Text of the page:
Overall, cortisol is one of those hormones that play an important role in our bodies. Secreted by the adrenal glands, cortisol is involved in a wide variety of bodily functions, including metabolizing glucose, regulating our blood pressure, blood sugar maintenance (specifically, the release of insulin), immune system function, and our body’s inflammatory responses.

When in balance, cortisol “plays nicely” with your body’s systems, but when it tends to rise, it’s usually due to stress. Stress and cortisol levels go hand in hand because cortisol is secreted in higher levels when our bodies experience that “fight or flight” response to stress. Cortisol can produce several changes in the body relating to stress, which usually range from heightened memory and a quick burst or energy or a burst of increased immunity and lower sensitivity to pain. Overall, it’s designed to protect homeostasis in the body and after a period of stress is over, it can also play a part in the relaxation process.

However, having cortisol at high levels consistently or for a prolonged period of time can cause challenges for our body and have negative effects. High cortisol levels have been connected to things like:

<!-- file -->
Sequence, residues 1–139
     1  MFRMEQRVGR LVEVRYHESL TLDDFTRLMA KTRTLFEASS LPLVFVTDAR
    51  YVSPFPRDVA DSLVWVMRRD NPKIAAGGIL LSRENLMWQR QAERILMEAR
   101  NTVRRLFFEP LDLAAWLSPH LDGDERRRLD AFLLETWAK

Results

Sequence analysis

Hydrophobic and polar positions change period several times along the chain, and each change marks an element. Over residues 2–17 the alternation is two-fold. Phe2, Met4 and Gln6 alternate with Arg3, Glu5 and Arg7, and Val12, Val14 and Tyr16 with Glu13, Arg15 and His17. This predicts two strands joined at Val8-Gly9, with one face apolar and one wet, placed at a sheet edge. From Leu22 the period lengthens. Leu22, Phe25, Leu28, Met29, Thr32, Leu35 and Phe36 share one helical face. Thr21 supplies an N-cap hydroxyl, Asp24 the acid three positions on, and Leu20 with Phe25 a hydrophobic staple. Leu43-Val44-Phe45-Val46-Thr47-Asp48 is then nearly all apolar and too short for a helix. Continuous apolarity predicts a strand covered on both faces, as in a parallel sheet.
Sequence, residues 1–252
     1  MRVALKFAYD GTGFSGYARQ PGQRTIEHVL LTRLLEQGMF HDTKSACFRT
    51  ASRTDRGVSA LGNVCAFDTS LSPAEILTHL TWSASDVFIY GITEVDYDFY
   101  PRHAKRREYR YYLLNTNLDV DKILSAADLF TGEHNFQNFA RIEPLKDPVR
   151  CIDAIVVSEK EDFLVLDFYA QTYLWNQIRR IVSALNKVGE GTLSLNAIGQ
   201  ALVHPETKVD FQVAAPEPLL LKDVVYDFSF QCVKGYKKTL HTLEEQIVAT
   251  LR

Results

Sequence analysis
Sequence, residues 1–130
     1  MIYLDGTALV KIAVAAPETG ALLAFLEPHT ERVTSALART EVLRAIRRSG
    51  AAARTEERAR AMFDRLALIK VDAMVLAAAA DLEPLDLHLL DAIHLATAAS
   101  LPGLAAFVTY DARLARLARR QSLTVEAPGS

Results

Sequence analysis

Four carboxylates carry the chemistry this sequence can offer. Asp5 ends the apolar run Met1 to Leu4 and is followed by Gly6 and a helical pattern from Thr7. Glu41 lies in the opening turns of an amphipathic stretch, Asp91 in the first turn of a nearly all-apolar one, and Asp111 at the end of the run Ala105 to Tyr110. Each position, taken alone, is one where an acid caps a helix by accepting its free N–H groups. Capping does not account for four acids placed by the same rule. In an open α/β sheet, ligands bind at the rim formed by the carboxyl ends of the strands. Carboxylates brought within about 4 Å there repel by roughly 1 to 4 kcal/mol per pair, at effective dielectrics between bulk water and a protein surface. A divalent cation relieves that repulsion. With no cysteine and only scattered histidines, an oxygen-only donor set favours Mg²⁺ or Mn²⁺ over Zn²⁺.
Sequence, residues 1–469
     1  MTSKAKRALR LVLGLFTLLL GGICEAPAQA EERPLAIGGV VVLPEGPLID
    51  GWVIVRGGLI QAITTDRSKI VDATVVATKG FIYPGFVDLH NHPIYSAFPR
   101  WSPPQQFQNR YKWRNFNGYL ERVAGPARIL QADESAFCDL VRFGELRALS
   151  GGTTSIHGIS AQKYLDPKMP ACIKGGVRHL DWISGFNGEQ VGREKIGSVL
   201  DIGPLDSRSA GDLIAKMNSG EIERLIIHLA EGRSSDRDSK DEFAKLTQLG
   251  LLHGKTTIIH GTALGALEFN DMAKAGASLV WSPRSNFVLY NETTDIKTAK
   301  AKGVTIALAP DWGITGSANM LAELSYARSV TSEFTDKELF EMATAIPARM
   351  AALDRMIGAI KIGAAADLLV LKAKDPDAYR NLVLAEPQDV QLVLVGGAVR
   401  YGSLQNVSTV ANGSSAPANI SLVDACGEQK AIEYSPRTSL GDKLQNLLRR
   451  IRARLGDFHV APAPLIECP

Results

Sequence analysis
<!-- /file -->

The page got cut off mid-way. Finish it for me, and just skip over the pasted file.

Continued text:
• Increased abdominal fat
  • Blood sugar imbalances
  • Impaired cognition
  • Higher blood pressure
  • Lowered immunity

The increased abdominal fat side effect of high cortisol is actually the one that causes the most difficulty. Having increased fat in this area of the body can correspond with higher risks for other health issues, such as heart attack, stroke, and high cholesterol.

The goal with cortisol is to keep levels under control and healthy. There are a variety of ways you can do this. First and foremost, you should try to limit your stress. Practice relaxation and make lifestyle changes that encourage a lower stress environment overall. Additionally, you may want to try taking a cortisol blocker if you’re experiencing the effects of high cortisol.

When taken in conjunction with a healthy diet, enough sleep, exercise, and lower stress, cortisol blockers can help manage high levels and can potentially help you lose the abdominal fat you’ve gained. Just remember that cortisol levels are unique from person to person and people are all wired differently to respond to stress. If you suspect you have high cortisol levels, talk to your doctor or feel free to give us a call and we’d be happy to answer any of your questions.

Learn more about cortisol:

Cortisol Basics Part 1

Cortisol Basics Part 2